critically short of delegates.
Jane   Philip,   surviving   co-
chairman of the committee, reported to council Monday
night that the other co-chairman, Axel Zoellmer, had
dropped out of UBC.   No rea-
Song Fest battle all set
— expect for the singers
Deadline for admissions to the Interfaculty Song Fest
is Friday.
Teams must have a minimum of 12 members and a
maximum of 20, mixed or unmixed. One song should be
selected from a Broadway hit.
The fest is held March 11 at 12:30 p.m. in Brock
Applications should be submitted to Box 121 in the
council offices stating name, faculty and student director
of the  group.
'Distorted values'
Scott blows up
over CUS, frosh
Ubyssey   Council  Reportei
Council's   thinking   was   attacked   by AMS   president
Malcolm Scott Monday.
'dust off
new society
Streamlined AMS bureaucracy sped on Monday night as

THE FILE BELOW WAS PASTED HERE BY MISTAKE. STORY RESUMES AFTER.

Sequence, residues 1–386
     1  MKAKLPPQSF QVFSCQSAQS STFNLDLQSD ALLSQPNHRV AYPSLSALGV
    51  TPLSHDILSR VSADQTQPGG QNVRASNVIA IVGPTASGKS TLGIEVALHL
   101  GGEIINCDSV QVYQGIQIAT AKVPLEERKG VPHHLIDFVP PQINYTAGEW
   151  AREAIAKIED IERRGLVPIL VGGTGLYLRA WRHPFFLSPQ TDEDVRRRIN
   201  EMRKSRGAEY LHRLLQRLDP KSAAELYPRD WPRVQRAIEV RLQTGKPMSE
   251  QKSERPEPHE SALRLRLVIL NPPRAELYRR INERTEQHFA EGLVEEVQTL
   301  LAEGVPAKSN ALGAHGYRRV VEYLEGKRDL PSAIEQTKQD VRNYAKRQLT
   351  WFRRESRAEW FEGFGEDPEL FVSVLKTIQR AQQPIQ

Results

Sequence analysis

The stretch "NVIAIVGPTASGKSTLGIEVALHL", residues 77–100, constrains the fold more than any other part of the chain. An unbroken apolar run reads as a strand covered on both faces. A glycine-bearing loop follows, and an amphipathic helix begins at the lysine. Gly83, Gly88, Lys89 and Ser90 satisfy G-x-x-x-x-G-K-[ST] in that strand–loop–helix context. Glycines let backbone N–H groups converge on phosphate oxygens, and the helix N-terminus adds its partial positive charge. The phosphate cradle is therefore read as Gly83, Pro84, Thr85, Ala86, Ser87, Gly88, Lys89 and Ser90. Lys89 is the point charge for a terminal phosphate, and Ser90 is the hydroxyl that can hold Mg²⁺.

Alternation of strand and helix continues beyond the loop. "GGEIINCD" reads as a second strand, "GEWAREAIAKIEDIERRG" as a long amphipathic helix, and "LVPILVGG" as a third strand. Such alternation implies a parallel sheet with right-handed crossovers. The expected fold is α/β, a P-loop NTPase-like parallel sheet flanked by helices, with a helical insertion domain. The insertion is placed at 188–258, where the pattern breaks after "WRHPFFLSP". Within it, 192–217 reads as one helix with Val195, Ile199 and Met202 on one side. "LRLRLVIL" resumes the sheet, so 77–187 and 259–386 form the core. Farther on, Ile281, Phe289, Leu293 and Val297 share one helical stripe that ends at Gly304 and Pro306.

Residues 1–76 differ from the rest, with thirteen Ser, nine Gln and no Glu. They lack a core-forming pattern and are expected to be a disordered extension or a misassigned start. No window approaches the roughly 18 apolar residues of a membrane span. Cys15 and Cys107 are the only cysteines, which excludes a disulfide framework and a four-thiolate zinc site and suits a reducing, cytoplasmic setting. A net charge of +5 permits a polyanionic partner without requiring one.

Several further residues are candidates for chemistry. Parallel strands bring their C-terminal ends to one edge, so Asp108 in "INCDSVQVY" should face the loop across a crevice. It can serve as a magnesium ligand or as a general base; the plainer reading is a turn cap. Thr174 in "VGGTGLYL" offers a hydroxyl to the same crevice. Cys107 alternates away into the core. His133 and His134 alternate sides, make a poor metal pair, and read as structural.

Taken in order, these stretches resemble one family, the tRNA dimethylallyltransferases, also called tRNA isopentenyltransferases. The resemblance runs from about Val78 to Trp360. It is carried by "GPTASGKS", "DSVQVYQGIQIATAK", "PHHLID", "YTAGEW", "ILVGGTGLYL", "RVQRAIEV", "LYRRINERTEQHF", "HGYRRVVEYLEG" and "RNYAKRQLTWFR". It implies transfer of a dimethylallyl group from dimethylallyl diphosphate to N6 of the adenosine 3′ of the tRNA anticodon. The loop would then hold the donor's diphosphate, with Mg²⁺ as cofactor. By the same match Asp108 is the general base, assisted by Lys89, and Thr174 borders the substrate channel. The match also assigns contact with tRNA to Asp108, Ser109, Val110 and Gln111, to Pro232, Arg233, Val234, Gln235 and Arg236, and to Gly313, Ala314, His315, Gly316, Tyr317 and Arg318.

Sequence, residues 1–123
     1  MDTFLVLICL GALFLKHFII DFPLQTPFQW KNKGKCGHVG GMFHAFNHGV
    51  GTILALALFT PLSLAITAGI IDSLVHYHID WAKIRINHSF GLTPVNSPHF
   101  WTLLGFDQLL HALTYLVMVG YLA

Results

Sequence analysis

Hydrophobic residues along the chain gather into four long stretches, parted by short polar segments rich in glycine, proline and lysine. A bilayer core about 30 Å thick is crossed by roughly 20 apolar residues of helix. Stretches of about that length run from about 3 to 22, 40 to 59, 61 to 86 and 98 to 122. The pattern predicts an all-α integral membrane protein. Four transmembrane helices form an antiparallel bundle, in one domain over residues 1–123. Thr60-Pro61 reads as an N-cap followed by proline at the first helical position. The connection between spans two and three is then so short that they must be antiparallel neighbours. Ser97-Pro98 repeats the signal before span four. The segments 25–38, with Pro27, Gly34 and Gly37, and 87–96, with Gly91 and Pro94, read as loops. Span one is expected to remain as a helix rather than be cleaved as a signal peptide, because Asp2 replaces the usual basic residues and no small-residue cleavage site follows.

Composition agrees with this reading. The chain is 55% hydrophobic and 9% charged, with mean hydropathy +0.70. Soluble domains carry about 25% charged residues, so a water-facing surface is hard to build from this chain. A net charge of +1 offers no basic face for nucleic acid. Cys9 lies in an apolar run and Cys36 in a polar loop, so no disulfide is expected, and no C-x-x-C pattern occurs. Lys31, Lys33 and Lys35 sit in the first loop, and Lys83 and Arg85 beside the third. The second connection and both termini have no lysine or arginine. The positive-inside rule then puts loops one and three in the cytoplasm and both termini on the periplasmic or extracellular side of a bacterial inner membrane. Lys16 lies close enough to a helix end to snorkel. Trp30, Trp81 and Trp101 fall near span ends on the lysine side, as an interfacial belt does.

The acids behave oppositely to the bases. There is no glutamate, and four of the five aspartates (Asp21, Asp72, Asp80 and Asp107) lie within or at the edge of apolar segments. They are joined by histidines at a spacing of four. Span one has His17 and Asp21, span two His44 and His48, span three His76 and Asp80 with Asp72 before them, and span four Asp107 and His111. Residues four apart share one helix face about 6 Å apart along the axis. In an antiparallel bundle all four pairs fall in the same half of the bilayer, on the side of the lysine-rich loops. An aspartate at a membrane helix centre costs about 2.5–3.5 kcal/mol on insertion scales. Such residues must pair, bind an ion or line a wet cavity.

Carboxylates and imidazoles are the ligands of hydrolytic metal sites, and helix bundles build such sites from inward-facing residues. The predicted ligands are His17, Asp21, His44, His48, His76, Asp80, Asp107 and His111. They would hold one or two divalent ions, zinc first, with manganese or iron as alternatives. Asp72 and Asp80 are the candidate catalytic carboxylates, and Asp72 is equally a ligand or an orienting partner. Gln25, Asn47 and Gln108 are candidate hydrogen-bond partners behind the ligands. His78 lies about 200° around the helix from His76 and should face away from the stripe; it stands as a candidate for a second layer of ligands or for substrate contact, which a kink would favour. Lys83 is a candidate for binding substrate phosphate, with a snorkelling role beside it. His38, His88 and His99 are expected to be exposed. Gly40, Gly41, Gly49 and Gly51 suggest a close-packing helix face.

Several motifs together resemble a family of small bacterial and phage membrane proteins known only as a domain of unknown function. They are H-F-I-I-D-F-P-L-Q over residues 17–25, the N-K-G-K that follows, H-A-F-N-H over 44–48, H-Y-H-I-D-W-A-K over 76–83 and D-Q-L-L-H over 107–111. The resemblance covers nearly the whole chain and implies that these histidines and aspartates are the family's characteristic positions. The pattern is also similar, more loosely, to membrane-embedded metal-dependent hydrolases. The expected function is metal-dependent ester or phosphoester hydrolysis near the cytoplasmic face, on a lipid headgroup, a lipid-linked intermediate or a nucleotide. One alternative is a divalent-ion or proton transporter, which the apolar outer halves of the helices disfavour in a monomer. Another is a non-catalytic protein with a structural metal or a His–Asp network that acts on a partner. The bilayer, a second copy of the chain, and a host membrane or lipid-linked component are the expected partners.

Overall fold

council accepted the constitution on the Rehabilitation Medicine undergrad society.
"You've had it in your pos-
session since December,"
rumbled AMS president Malcolm Scott as he picked the constitution off a pile of documents
and blew the dust off it.
A motion to accept the constitution was duly heard.
AMS co-ordinator Ken Leitch
seconded the motion.
"Seconded by Leitch, leaping
into the breach," Scott chuckled after Leitch spoke.
After a thunderous silence,
the motion was passed.
Students want
to mark profs
EDMONTON (CUP)—Students at The University of
Alberta here want to rate
their lectures professors.
A survey of students
showed 90 per cent in favor
of a system similar to that
at Yale university where a
committee rates lecturers.
Annoyed by a long debate
over the expenditure of $200
to assist the Canadian Union of
Students, followed by a five-